Empire Oldsmobile, Inc. v. McLain

Annotate this Case

379 P.2d 402 (1963)

EMPIRE OLDSMOBILE, INC., State Compensation Insurance Fund, and the Industrial Commission, Plaintiffs in Error, v. Ralph E. McLAIN, Defendant in Error.

No. 20275.

Supreme Court of Colorado. In Department.

February 25, 1963.

Rehearing Denied March 18, 1963.

Harold Clark Thompson, Louis Schiff, Alious Rockett, Fred B. Dudley, Francis L. Bury, Denver, for plaintiffs in error State Compensation Insurance Fund and Empire Oldsmobile, Inc.

Duke W. Dunbar, Atty. Gen., Frank E. Hickey, Deputy Atty. Gen., Peter L. Dye, Asst. Atty. Gen., Denver, for plaintiff in error Industrial Commission.

Williams, Erickson & Brown, Denver, for defendant in error.

SUTTON, Justice.

The sole question presented by this writ of error is whether the Industrial Commission, herein referred to as the commission, was correct in apportioning its award for McLain's present back injury incurred while he was working for Empire Oldsmobile, Inc., between his present injury and several prior injuries?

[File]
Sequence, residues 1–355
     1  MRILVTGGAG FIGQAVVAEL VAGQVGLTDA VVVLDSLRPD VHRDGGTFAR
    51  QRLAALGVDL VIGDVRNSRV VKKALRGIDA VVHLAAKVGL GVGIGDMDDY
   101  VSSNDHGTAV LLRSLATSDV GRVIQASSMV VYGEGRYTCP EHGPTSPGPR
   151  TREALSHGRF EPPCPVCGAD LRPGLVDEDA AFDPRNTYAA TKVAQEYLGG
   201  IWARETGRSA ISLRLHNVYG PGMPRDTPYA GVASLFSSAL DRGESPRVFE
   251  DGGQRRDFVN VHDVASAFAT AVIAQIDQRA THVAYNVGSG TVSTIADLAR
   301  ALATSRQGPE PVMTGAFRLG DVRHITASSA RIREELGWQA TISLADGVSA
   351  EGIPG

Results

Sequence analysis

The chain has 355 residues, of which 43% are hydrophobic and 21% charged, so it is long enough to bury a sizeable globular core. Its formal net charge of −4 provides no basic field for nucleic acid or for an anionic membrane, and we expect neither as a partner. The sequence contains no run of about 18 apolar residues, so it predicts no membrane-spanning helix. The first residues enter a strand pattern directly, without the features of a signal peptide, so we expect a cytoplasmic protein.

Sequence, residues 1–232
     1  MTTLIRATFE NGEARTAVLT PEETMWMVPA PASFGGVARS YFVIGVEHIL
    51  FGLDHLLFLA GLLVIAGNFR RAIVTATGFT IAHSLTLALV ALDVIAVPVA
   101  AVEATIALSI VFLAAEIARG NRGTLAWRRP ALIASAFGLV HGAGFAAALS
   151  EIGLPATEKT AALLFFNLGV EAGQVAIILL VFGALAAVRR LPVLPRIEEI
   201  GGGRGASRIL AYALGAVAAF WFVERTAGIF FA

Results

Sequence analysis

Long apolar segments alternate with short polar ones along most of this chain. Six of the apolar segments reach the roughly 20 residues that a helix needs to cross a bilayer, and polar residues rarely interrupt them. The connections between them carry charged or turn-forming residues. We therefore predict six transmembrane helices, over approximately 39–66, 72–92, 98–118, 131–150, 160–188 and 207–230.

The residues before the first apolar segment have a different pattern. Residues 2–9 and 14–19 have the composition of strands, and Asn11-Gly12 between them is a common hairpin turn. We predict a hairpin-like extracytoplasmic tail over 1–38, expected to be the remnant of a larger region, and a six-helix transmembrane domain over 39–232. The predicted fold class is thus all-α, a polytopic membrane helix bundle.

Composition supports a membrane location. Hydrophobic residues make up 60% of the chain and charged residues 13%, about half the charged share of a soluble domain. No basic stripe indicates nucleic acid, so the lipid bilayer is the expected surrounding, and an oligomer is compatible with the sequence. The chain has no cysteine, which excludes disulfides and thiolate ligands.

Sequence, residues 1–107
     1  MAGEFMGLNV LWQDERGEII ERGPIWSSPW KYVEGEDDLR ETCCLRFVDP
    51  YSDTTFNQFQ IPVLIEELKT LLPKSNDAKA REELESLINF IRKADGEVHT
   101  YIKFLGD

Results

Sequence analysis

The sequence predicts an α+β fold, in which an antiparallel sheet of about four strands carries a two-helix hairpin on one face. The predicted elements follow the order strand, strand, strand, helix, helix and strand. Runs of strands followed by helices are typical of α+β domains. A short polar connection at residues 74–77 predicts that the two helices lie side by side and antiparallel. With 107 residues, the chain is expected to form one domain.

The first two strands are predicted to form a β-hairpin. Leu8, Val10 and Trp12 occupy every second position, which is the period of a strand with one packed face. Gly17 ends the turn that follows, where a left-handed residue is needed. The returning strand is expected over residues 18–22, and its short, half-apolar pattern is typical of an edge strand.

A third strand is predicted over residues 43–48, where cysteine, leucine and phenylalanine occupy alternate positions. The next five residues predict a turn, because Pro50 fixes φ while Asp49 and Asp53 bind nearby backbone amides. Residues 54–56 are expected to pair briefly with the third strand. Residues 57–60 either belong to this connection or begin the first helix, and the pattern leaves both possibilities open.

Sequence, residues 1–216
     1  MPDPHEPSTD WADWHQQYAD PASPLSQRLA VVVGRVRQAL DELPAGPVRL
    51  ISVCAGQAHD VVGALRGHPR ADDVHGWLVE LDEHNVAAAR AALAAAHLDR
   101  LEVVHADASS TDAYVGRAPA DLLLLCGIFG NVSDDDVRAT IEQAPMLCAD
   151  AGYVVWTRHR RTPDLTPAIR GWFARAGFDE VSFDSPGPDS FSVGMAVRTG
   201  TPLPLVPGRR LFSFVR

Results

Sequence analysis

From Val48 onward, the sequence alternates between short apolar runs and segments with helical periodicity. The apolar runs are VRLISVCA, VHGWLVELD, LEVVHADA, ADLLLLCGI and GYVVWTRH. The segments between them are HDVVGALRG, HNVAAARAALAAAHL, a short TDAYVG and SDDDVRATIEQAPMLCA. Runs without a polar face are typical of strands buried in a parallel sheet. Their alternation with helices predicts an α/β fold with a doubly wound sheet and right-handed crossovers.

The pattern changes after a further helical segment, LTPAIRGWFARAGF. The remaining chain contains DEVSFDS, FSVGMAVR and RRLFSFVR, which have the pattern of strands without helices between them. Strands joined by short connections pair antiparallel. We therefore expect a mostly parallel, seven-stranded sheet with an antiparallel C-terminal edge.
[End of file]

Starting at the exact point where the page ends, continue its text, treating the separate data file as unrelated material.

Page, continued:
The record discloses that McLain injured his back in an industrial accident on May *403 23, 1960, while in the employment of Empire. This was the culmination of a series of accidents that had happened to McLain since 1954. In that year he was employed as a mechanic and millwright in Texas and while so employed injured his back. Surgery was not required and in accord with the Texas practice McLain entered into a settlement agreement with the Texas Workmen's Compensation Board. He was awarded $4,000.00 permanent partial disability and $400.00 for temporary disability. Again in accord with the Texas practice there was no specific finding of the percentage of disability.

McLain's second accident occurred in Texas in 1956 while he was doing the same type of work. At that time he underwent two laminectomies as a result of his injury. His testimony was that these restored his back to almost the same condition it was before the first accident and he had nothing that prevented his working full time as a mechanic. His only remaining physical problem was a slight stiffness when he leaned forward. For this accident he was awarded, again under the Texas law, $1,000.00 permanent partial disability and $350.00 temporary disability.